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Local News

  • Shallotte police department temporarily moved

    SHALLOTTE—The Shallotte police department office is closed to the public while the building undergoes renovations.

    Anyone who wishes to speak to an officer or get a copy of a police report must go to the Southend Task Force building at 130 Cheers St. in Shallotte.

    “We are moving during renovations for the convenience of our citizens. It is simpler and less dangerous for them,” said Linda Moses, secretary.

  • Big changes for Seniors in the county

    Big changes are happening for seniors all over Brunswick County.

    Last week the Ash Nutrition site re-opened after being closed last August. Brunswick Senior Resources Inc., under the leadership of Jim Fish, re-opened the Ash Nutrition Site on Tuesday, March 27. Basic senior programming restarted the week of March 13. Lunch is currently being served at the Ash site on Tuesdays and Thursdays. The site is open to seniors 10 a.m.-2 p.m. on meal days.

    “We were able to re-open the nutrition site due to a combination of things,” Fish said.

  • Brunswick County Board of Education votes to return to single bell schedule next year

    Members of the Brunswick County Board of Education on Tuesday voted three votes to two to return to a single-bell schedule for the 2012-2013 school year.

    Board members Bud Thorsen, Catherine Cooke and Charlie Miller voted to revert back to the single bell schedule, while board chairwoman Shirley Babson and John Thompson voted to keep the staggered bell schedule in place.

    School officials anticipate an 8 a.m. start time for elementary, middle and high school students for the upcoming school year.

  • Sunset at Sunset group confronts mayor

    SUNSET BEACH—The Sunset at Sunset committee has a problem with Sunset Beach Mayor Richard Cerrato.

    Members delivered a message at Monday night’s town council meeting they are “appalled” Cerrato has continued to call their integrity into question.

    Steering committee member Jean Hutchinson, surrounded by five other committee members, read a prepared statement during public comment.

  • Owners upset over infrastructure, building halt in Jaguar's Lair

    SUNSET BEACH—Several owners spoke out Monday night about unfinished infrastructure, a halt in construction and plummeting values of land they bought in Jaguar’s Lair.

    Cas Kacala of Shallotte said he and his wife bought a lot in Jaguar’s Lair on the first day of sale, on May 26, 2006.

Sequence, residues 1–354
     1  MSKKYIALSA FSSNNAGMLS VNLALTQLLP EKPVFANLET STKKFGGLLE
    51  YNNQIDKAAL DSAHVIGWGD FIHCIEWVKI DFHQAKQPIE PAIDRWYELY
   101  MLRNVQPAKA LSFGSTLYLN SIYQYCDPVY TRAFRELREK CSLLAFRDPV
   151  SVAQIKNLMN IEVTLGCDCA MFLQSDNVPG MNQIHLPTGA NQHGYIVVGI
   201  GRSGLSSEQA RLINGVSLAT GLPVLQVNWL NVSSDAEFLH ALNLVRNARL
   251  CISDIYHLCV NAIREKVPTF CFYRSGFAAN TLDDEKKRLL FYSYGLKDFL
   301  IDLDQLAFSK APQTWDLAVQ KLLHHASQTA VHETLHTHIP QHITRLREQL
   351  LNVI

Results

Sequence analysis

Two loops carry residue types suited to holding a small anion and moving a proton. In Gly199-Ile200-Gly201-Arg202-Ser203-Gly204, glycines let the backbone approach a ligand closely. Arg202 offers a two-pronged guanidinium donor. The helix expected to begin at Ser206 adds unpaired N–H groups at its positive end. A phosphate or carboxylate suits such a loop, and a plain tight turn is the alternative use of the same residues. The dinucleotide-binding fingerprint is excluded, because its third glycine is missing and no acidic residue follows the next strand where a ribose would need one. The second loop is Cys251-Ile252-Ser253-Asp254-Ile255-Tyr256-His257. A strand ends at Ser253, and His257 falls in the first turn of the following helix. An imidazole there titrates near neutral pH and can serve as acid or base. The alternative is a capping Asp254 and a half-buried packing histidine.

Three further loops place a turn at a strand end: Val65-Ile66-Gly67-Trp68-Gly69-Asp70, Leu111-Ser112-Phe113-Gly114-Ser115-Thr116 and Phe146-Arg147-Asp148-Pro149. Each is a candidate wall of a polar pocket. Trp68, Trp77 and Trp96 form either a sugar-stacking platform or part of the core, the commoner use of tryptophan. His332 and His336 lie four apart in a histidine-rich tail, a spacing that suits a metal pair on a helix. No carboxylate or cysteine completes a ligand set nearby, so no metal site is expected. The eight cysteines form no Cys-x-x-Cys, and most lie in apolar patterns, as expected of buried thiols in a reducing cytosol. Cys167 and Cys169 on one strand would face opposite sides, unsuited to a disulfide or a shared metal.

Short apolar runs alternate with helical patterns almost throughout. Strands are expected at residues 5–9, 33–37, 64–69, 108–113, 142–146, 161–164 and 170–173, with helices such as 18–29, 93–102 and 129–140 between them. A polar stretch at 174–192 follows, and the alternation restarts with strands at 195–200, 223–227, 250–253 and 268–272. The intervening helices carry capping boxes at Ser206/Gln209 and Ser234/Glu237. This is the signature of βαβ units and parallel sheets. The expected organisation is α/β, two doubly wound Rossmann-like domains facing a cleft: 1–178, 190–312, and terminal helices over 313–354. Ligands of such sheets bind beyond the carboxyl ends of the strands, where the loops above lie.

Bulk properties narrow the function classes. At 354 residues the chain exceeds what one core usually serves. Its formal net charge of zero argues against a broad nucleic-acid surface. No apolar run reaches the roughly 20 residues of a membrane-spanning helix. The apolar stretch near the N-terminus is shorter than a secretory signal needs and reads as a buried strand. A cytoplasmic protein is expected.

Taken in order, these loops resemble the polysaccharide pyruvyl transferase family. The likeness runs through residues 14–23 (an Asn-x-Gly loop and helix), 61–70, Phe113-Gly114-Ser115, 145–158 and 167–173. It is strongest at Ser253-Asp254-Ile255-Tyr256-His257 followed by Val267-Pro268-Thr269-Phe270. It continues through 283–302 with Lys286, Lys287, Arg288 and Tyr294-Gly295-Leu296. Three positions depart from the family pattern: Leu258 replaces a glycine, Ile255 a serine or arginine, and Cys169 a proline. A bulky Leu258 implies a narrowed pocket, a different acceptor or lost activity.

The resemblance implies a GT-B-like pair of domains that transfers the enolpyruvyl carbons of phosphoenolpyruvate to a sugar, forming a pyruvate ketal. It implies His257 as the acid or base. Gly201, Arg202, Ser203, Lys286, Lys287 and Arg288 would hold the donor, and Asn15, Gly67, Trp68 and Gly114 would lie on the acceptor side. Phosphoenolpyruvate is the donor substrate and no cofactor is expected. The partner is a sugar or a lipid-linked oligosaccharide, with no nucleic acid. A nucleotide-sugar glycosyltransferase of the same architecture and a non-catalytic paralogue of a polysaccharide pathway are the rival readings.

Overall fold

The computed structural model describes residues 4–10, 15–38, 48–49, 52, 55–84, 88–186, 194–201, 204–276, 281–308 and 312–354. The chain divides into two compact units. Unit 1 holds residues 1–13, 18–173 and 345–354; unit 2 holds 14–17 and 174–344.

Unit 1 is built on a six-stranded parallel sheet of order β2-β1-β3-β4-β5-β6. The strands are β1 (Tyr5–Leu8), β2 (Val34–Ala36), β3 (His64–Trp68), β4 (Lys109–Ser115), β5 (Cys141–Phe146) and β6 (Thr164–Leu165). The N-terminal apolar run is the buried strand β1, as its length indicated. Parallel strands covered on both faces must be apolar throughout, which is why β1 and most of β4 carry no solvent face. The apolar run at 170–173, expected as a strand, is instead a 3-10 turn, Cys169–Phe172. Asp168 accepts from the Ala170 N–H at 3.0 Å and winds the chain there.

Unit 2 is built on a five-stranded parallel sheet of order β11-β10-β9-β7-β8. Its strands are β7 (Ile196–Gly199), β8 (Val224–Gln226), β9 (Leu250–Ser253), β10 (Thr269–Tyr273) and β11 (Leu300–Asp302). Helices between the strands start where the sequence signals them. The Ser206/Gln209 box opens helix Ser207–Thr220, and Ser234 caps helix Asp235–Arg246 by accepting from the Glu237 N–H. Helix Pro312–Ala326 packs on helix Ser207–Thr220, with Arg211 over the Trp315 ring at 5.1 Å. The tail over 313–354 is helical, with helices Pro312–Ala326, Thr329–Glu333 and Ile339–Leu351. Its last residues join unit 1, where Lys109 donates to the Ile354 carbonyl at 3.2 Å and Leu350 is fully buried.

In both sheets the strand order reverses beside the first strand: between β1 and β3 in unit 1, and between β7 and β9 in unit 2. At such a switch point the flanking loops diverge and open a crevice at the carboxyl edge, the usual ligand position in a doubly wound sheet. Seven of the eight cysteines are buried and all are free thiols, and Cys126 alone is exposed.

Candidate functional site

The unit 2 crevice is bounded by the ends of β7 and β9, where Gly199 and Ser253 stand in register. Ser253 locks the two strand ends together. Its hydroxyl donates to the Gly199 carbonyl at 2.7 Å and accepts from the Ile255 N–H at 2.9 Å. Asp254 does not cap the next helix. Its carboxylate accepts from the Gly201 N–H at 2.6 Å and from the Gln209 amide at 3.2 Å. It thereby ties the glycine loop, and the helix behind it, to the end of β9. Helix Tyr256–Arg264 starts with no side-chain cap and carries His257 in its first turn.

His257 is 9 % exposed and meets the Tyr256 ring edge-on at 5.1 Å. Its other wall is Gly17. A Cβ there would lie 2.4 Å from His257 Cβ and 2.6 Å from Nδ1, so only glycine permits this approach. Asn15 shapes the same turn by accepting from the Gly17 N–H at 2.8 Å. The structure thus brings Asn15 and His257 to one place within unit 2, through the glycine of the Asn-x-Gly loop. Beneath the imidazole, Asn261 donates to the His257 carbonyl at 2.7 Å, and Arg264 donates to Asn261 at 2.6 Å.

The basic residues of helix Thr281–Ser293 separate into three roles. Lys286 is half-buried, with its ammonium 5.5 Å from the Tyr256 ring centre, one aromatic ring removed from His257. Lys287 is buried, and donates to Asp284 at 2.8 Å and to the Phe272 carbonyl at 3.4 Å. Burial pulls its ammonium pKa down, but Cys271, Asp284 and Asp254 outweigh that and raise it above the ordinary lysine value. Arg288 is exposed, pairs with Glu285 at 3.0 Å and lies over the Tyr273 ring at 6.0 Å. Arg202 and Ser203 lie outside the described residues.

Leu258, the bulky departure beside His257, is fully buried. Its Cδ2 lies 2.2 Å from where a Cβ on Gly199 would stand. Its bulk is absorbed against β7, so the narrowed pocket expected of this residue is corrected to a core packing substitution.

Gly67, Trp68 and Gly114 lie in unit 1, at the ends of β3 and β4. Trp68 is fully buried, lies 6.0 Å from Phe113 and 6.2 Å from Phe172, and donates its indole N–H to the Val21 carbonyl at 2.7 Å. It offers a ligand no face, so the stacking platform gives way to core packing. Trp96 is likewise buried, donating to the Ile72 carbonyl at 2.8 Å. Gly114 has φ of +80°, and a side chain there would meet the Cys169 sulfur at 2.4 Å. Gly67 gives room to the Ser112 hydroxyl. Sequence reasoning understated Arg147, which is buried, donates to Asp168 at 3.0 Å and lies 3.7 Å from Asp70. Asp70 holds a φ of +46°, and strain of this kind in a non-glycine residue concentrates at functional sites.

He asked council to take action to call in infrastructure bonds for Jaguar’s Lair.

    Property owners Tom Claridy of Sea Trail and Ernst Wittenschlaeger of Wilmington also expressed concerns.

  • Church wants to develop cemetery near Carolina Shores

    CAROLINA SHORES—The town is mulling a proposed zoning text amendment to allow cemeteries in its agricultural district.

    The proposed change, which requires a public hearing called at this week’s town board meeting for 3 p.m. Thursday, is the result of a request by a local church to develop a cemetery in the town’s extraterritorial jurisdiction.

    At a town board of commissioners’ workshop Monday, Timothy Randall, trustee for Pleasant Grove Missionary Baptist Church, outlined hopes to have a cemetery on donated property.

  • 'Phased' tree removal approved for Carolina Shores Golf Course

    CAROLINA SHORES—The town has approved a tree-removal permit for Carolina Shores Golf & Country Club, with a few stipulations.

    Town Administrator Mike Hargett said the permit issued March 26 outlines “general and specific conditions” for tree removal in a phased manner. Each phase will require specific written approval by the town tree committee.

  • Commissioners approve amended request for non-emergency transports

    BOLIVIA—About six times each day Brunswick County ambulances transport non-emergency patients.

    That number doesn’t include the emergency calls they also respond to.

    For more than 20 years, Supply-based Ameritech provided private ambulance services—specifically non-emergency transportation services in Brunswick County—until Feb. 27, when they significantly scaled back services.

    Since that time, Brunswick County EMS has picked up those patients for a total of about 194 non-emergency transports.

  • County planning board denies landfill expansion permit

    BOLIVIA—Members of the Brunswick County Planning Board voted five votes to two last Thursday to deny the county’s request to expand its construction and demolition landfill near Bolivia.

    After months of hearings, which included testimony for and against the proposed landfill expansion, board members denied the county’s request for a special exception permit to expand the current construction and demolition landfill at a called meeting Thursday, March 29.

  • State senator among candidates for GOP nomination to challenge McIntyre

    When the Republican majority in the General Assembly drew the new congressional districts for North Carolina last year, David Rouzer, it seemed, drew big-name endorsements before the ink on the maps had even dried.

    Rouzer, a two-term state senator representing Johnston and Wayne counties, was drawn into a newly formed District 7, currently represented by U.S. Rep. Mike McIntyre, D-N.C. McIntyre, who lives in Lumberton, was drawn out of the district, but federal election law allows him to still run for his seat.